Benefits of Using the True Strength Index Indicator
The True Strength Index indicator quickly points you to trading signals by identifying prevailing and new trends in the market. These opportunities can be further vigorously analyzed using other tools before entering a trade. The main benefits of using the TSI are that it’s extremely easy to use, and it provides reliable trading signals. Some benefits of the True Strength Index indicator are listed below.
- The True Strength Index indicator offers a clear view of momentum and trend direction, making it valuable for trend-trading traders.
- It helps identify divergence and provide early warnings of potential trend reversals using oversold and overbought levels.
- The double smoothing activity of the TSI reduces noise, making it less prone to providing false signals.
- It is also compatible with more indicators and technical analysis tools.
- Like other momentum oscillators, it’s best when used in trending markets.
Limitations of the True Strength Index Indicator
To bolster the rate of expected positive outcomes and minimize loss, consider integrating the TSI with extra indicators, such as support and resistance levels or the Average True Range indicator. This is owing to some limitations that accompany its usage. We highlight some of these limitations below.
- Like many momentum indicators, the TSI is a lagging indicator, which may not provide signals at the beginning of a new trend.
- The double smoothing calculation makes it complex for some traders to grasp easily.
- TSI is most effective with other technical indicators and technical analysis tools.
- Just like many other indicators, it’s not beyond giving a false signal..
- The True Strength Index (TSI) is a powerful momentum indicator used in trading to asses trend strength and possible reversals.
- TSI is calculated using double smoothing averages, which reduces noise and provides more precise trade signals.
- Traders can use TSI for trend following through signal line crossovers, divergence analysis, and identifying overbought and oversold conditions.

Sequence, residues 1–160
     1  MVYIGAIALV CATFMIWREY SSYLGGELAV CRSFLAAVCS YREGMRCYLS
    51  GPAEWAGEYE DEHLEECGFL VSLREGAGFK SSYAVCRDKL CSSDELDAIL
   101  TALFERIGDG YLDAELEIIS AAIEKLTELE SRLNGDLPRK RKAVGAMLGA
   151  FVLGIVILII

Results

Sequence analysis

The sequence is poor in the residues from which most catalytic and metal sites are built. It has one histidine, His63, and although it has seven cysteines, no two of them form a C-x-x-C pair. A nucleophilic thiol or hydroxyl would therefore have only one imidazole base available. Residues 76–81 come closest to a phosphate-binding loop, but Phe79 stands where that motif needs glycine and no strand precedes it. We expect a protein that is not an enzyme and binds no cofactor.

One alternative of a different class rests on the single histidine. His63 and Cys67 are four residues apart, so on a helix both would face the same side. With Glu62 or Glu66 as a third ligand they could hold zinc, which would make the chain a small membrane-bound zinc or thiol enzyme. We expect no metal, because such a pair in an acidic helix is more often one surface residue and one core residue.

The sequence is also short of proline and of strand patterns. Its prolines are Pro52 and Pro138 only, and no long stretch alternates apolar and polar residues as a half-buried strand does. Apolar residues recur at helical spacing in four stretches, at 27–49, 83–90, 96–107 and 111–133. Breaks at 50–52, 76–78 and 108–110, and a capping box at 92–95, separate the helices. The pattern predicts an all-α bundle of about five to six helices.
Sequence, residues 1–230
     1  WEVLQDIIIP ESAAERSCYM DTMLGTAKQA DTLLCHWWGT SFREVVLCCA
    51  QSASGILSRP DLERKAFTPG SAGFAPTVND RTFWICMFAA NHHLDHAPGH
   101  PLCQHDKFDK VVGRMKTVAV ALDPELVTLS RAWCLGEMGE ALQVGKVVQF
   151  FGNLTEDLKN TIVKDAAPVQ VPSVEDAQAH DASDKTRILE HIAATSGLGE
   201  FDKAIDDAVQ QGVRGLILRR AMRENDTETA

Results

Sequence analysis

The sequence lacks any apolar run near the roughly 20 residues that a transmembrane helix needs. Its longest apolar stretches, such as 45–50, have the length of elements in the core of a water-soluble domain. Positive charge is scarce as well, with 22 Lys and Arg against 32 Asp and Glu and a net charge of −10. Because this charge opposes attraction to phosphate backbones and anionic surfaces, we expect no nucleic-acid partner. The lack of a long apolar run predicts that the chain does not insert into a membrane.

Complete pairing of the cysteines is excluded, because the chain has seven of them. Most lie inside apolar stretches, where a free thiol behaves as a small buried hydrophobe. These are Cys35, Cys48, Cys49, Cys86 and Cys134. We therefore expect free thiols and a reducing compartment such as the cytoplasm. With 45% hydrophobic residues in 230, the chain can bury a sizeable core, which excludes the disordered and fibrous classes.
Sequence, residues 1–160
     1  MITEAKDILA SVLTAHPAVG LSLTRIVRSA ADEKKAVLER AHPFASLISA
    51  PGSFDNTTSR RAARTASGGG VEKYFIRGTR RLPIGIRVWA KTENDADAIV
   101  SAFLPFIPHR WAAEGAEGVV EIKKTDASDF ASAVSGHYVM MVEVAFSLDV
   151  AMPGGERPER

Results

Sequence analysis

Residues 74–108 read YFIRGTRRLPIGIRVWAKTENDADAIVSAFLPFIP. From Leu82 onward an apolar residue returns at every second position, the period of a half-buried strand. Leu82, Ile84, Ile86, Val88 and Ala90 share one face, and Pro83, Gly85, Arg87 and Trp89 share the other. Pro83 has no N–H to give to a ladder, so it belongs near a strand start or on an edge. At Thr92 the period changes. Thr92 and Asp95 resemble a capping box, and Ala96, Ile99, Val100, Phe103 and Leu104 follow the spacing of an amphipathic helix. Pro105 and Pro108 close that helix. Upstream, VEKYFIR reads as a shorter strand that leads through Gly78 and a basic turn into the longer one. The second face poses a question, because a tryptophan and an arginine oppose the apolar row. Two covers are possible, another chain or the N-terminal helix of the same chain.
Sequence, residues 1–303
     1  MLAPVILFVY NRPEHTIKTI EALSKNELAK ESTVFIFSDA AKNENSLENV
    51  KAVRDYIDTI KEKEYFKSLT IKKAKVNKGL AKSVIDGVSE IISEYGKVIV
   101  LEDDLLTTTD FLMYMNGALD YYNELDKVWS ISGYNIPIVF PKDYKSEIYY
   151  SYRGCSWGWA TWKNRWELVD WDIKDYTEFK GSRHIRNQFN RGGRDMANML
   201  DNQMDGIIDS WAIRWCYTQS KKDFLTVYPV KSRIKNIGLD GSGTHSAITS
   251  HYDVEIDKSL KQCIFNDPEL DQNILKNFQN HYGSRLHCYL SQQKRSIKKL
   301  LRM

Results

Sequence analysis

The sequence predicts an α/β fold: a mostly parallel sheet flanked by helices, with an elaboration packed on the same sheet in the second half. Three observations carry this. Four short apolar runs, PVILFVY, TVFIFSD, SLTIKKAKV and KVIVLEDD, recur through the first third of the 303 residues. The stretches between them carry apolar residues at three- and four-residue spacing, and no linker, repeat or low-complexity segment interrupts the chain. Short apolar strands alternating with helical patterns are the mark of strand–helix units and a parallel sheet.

- Combining TSI with proper risk management is essential for successful trading.
Frequently Asked Questions About Trading the TSI Indicator
The following are some of the most frequently asked questions about the True Strength Index Indicator.
What does the True Strength Index measure?
The True Strength Index measures the strength and direction of price action in the financial markets. It achieves this by evaluating and smoothing price changes, making traders see if an asset is experiencing a bullish or bearish momentum.
What are the best settings for the True Strength Index?
The optimal settings for the True Strength Index can vary depending on the trader’s strategy and the asset being traded. However, commonly used settings are a short period of 13 and a long period of 25. Traders may alter these settings to suit their trading preferences and timeframes.
Is the True Strength Index a leading or lagging indicator?
The True Strength Index is primarily considered a lagging indicator because it relies on past price data to calculate its values. It may not provide signals at the beginning of a trend, but it effectively identifies the strength and direction of an established trend. Many professional traders use it with other leading or lagging indicators to make better-informed trading decisions.